Huawei ‘improving and growing’ despite US, defiant Ren tells BBC interview
Huawei’s founder Ren Zhengfei has said pressure from the US has made the company improve its products.
In a TV interview with Karishma Vaswani, the BBC’s Asia business correspondent, Ren (pictured, from the BBC interview) said: “Because the US keeps targeting us and finding fault with us, it has forced us to improve our products and services.”
He added: “If the lights go out in the West, the East will still shine., and if the North goes dark, there is still the South. America doesn’t represent the world.”
The interview was the first video interview the Huawei founder has given since the controversy about the company exploded – with the US filing charges against it and the CFO, Meng Wanzhou, who is Ren’s daughter. She is on bail in Canada, facing an attempt by the US to extradite her.
“There’s no way the US can crush us,” Ren told Vaswani in the interview, recorded at Huawei’s headquarters in southern China. “The world needs Huawei, because we are more advanced. Even if they persuade more countries not to use us temporarily, we could just scale things down a bit.”
He suggested that, if Huawei is forced out of the US, where it has offices in California and Texas, it may expand in the UK. “We will continue to invest in the UK,” said Ren. “We still trust in the UK and we hope the UK will trust us even more. We will invest even more in the UK. Because if the US doesn’t trust us we will shift our investment from the US to the UK, on an even bigger scale.”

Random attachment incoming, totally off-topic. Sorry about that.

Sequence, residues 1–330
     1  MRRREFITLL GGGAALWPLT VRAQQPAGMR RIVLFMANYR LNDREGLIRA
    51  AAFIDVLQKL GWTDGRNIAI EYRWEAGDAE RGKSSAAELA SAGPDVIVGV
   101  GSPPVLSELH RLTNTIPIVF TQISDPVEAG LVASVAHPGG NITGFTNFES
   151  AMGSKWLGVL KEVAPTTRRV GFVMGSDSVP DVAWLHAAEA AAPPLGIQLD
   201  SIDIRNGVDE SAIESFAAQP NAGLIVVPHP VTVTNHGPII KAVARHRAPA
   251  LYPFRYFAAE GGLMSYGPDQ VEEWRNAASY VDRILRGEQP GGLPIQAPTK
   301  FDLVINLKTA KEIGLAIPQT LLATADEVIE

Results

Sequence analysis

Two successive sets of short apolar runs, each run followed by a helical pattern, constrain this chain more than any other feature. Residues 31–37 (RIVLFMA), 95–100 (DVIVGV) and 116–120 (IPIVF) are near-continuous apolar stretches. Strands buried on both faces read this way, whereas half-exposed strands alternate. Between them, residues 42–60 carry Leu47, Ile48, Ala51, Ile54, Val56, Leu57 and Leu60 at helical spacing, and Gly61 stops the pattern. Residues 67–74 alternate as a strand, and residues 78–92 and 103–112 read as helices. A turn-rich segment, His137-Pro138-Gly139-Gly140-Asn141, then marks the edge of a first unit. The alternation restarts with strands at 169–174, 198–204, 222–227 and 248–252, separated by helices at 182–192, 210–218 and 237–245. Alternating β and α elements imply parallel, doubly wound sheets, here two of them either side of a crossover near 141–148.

The interview was the latest move by Huawei to increase its public profile in the wake of the US controversy. Back in December 2018 Huawei executives told Capacity that Ren never gives media interview. In January he spoke to a roundtable of western journalists, though that encounter was not videoed. Now he has given a TV interview to the BBC for a news channel that is broadcast around the world.
Ren said that the arrest of Meng was “politically motivated”. The charges put by the US relate to alleged attempts to trade with Iran via a front company registered in Hong Kong.
“This kind of politically motivated act is not acceptable,” he said. “The US likes to sanction others whenever there’s an issue. They’ll use such methods. We object to this.”
But he said that Meng’s arrest had “no impact on Huawei’s business. … In fact we’re growing even faster. … They may have thought, if they’ve arrested her, Huawei would fall. But we didn’t fall. We are still moving forward.”
Huawei “has established processes and procedures, and no longer relies on any one person. Even if I go myself one day, this company won’t change its trajectory forward,” Ren told Vaswani.
The interview was conducted for a special edition of Asia’s Tech Titans, due to be broadcast on the BBC World News channel at the weekend.